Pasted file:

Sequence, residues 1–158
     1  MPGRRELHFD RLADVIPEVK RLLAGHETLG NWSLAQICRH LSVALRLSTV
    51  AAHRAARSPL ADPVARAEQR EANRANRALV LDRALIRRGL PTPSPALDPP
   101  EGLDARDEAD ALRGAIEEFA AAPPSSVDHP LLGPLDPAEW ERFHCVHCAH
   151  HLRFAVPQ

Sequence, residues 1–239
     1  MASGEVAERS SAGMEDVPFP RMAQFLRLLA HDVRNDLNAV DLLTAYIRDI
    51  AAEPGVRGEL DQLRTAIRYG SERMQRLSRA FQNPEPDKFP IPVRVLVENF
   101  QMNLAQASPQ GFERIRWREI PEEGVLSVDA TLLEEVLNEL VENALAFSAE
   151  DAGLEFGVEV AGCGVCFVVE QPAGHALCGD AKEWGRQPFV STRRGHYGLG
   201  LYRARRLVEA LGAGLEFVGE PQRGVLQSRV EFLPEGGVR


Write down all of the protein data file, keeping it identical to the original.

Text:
Sequence, residues 1–158
     1  MPGRRELHFD RLADVIPEVK RLLAGHETLG NWSLAQICRH LSVALRLSTV
    51  AAHRAARSPL ADPVARAEQR EANRANRALV LDRALIRRGL PTPSPALDPP
   101  EGLDARDEAD ALRGAIEEFA AAPPSSVDHP LLGPLDPAEW ERFHCVHCAH
   151  HLRFAVPQ

Sequence, residues 1–239
     1  MASGEVAERS SAGMEDVPFP RMAQFLRLLA HDVRNDLNAV DLLTAYIRDI
    51  AAEPGVRGEL DQLRTAIRYG SERMQRLSRA FQNPEPDKFP IPVRVLVENF
   101  QMNLAQASPQ GFERIRWREI PEEGVLSVDA TLLEEVLNEL VENALAFSAE
   151  DAGLEFGVEV AGCGVCFVVE QPAGHALCGD AKEWGRQPFV STRRGHYGLG
   201  LYRARRLVEA LGAGLEFVGE PQRGVLQSRV EFLPEGGVR